Monday, June 3, 2013

Getting Your Children to Talk to You


Generally I blog about what I’ve been learning in Scripture. You may wonder if my recent lack of blogging has meant I haven’t been reading my Scriptures. The answer, thankfully, is no. The reason I haven’t been blogging is three-fold.

First, my scripture study has revolved around the inductive scripture study I’ve been writing. I have a great test group that has been going through that with me. To be fair to them, I didn’t want to post any of its contents until my test group was completed. Secondly, my time has also been taken up by completing my first novel.  Though it is completed, I’m still doing some revising and am in the process of shopping it to literary agents. Thirdly, I have been very ill.  I’m being treated for a bacterial infection in which the treatments make you even more sick.  Given the fact that I have to work full-time and I have four children to raise and homeschool, an illness makes my schedule almost unbearable.  Blogging is the first thing to go in that case.

However, I’ve been getting many emails of concern from my readers. I didn’t even know I had so many readers.  I apologize. Had I realized, I would have been more conscientious with my blog. So, I will make a commitment to make this more of a priority. Until my inductive study is ready for print I will blog about parenting and women’s issues. Some of my opinions on women’s issues may be a little controversial, but I’ll be completely honest regardless.  Today, I want to focus on developing a good relationship with your teenagers. Don’t tune out if your children are young, because it starts when they are toddlers.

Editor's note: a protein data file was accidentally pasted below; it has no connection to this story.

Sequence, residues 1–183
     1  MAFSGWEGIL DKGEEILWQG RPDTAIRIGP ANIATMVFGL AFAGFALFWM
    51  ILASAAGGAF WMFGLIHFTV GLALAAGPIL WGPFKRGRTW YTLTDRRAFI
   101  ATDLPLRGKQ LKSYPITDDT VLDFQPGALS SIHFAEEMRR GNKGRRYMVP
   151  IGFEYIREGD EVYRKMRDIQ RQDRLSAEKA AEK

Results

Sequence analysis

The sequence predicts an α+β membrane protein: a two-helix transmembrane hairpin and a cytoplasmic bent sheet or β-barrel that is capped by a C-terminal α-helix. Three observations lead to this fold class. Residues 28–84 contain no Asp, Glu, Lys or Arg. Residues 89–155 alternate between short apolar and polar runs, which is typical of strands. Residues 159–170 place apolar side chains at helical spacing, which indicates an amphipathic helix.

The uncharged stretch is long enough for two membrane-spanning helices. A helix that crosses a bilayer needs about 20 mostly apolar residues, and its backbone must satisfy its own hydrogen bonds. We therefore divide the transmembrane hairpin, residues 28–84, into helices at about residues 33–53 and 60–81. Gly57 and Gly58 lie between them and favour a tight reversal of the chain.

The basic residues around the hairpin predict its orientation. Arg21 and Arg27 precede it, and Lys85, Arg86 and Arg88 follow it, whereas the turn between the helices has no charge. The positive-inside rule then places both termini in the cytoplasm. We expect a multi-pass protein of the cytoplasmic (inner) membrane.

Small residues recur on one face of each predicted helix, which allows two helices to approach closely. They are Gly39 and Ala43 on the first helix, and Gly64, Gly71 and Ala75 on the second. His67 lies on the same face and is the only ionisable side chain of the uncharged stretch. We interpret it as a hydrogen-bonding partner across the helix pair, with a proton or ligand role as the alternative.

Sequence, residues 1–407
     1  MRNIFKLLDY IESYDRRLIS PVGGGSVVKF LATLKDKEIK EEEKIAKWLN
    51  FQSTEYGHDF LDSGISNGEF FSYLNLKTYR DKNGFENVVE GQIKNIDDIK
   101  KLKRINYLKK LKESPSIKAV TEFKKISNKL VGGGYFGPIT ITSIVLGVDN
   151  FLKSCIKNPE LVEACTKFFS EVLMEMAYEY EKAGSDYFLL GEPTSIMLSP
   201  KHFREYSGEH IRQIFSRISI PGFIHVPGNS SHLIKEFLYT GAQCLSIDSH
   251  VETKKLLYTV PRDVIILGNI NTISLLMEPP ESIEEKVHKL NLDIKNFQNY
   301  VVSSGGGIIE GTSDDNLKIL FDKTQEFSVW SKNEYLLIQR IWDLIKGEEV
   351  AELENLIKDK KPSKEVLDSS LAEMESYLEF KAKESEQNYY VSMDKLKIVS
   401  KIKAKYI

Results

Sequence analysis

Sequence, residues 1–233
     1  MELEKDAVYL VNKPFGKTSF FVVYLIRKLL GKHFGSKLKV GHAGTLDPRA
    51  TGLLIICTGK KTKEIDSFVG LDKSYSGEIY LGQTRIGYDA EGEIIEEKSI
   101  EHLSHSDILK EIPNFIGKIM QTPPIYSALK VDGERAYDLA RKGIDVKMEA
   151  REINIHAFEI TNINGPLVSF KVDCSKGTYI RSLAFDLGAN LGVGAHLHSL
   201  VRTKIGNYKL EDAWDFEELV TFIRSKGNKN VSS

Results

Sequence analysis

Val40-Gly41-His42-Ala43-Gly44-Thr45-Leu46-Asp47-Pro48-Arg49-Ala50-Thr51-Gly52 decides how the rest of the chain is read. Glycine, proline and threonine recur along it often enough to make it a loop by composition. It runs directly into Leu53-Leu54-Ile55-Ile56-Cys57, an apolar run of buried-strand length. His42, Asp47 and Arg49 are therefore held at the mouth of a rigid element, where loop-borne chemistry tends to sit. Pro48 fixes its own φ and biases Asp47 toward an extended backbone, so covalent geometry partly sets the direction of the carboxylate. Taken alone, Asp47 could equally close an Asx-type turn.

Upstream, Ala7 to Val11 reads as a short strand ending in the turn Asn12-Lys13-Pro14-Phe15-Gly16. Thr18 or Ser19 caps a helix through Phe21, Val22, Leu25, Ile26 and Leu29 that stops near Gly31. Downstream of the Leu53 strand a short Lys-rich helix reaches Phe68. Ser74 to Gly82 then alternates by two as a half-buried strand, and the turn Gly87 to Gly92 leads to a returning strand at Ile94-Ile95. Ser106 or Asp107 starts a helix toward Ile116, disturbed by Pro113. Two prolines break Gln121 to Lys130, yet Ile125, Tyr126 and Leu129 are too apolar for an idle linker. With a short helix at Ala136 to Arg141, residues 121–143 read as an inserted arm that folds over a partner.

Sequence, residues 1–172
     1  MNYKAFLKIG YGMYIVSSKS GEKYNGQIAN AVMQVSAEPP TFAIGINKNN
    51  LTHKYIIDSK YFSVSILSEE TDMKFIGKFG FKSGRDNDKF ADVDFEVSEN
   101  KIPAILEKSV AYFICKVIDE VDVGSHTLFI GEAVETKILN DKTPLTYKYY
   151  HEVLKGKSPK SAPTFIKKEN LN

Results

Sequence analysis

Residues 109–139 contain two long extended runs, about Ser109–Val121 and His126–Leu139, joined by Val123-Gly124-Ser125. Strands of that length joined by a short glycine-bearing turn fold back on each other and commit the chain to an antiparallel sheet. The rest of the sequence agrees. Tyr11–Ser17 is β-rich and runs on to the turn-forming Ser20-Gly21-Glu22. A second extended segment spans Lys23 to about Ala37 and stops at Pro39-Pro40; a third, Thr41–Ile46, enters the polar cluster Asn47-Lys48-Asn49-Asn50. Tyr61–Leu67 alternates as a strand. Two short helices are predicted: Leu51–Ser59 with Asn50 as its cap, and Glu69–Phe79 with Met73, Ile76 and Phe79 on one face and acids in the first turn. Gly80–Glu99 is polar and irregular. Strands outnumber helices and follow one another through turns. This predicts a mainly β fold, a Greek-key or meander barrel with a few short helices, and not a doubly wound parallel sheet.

We all want our children to talk to us. It becomes even more important as they grow into their teen years. We want them to share about the details of their lives. From the mundane…What kind of movies do you want to see? To the serious….What is going on in their personal relationships? Do they have anything they need someone to talk to about? How do they feel about a mission or life direction?

We all know that teenagers tend to get less communicative right at the point in their lives when they need an adult’s direction more than ever. So, how do you keep the lines of communication open? The first, and most important thing is to start the line early. Be in a habit of really talking to your children from the time they can first begin speaking.  If you want your children to share the things that are important to you, then you must show them that you care about what is important to them. That starts when they are a toddler. If you just pretend to listen to their “important” babble, they will quickly learn that what they share is not important to you.

When my oldest child was a toddler, he would spend an hour telling me about his play date with his imaginary friend. That kind of talk is important for two reasons. First, it is important to him. That alone makes it worth my time. Secondly, I learned a lot about how my delightful son thinks. I learned about the things he values. I learned what he considered good and bad. That is indispensible information.